Feb 26, 2010, 1:22 PM
In his ruling, Justice Abi said he had listened to all the “powerful” submissions and arguments proffered in the bail application.
It was common ground that all the offences alleged in the three-count bill of indictment are bailable offences, he said.
Justice Abi added that the issue on whether the court could entertain an oral application for bail was earlier settled in the affirmative.
However, he was not comfortable with the manner the application came before him.
He said the learned counsel S.M. Tambadou made the application not only on behalf of the 3rd, 4th, 6th applicants whom he (Tambadou) represented, but also on behalf of all the other applicants.
According to him, he did not have any problem with that, but took issue with the counsel making a single joint application in respect of all the applicants.
He said going by the tenor of the application moved by Mr Tambadou, there was no individual qualifying feature in respect of each applicant.
“I refuse to accept that all the applicants in this case can give a joint undertaking to stand their trials as one person, for the devil himself knows not the heart of man,” he said.
“Never will I accept the assertion that there are capable sureties to stand for all of the applicants, because each of these applicants, if granted bail, even on the same conditions with the others, must produce his/her own sureties,” Justice Abi said.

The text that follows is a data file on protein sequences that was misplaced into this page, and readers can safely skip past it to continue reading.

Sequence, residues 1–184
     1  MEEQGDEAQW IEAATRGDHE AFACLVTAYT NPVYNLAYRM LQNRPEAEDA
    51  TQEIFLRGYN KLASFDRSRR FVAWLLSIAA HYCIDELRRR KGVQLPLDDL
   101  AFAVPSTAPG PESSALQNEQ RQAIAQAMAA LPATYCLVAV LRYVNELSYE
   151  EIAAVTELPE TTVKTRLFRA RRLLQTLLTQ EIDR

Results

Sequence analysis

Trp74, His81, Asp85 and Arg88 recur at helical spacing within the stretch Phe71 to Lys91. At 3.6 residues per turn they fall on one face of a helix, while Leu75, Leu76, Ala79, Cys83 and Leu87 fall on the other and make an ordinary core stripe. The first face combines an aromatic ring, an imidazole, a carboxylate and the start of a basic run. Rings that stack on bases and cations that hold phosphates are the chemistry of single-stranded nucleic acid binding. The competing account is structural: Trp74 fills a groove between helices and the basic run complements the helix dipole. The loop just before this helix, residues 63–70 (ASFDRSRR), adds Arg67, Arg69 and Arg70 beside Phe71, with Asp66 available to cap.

The very nature of bail requires that each applicant vouch for the facts he/she places before the court in order to receive a favourable exercise of discretion, he said.
He said as he held earlier, one case of exercise of discretion is not and should not be precedent for any other, because that in itself would be putting an end to discretion.
It was his view that even in respect of 3rd, 4th and 6th applicants who are all represented by S.M. Tambadou, he must have moved the applications individually even if he wished to apply the same arguments to each of the applicants, he said.
“For this reason, I will rule the joint application for bail on behalf of all the applicants incompetent and accordingly dismiss same,” he declared.
The judge said at this stage he wanted to make reference to the fact that the accused persons had been attending court regularly since 4 March, when all of them appeared.
He took cognizance of the fact that it was the defence counsel’s efforts that ensured that all the accused persons became aware of the present charge and their attendance in court.
“I forbear from making an order of remand today after dismissing the present application,” he said.
“I will, however, order that all the applicants who are interested in obtaining bail from the court shall file a formal application for bail within 24 hours of this order and, in any case, not later than before close of work on 25 March 2015,” he stated.
“I will have this matter adjourned to Thursday 26 March 2015 at 4 pm for mention. Any accused/applicant that does not have a pending application for bail before the court at that date and time will be remanded in prison custody pending he/she can apply for bail”.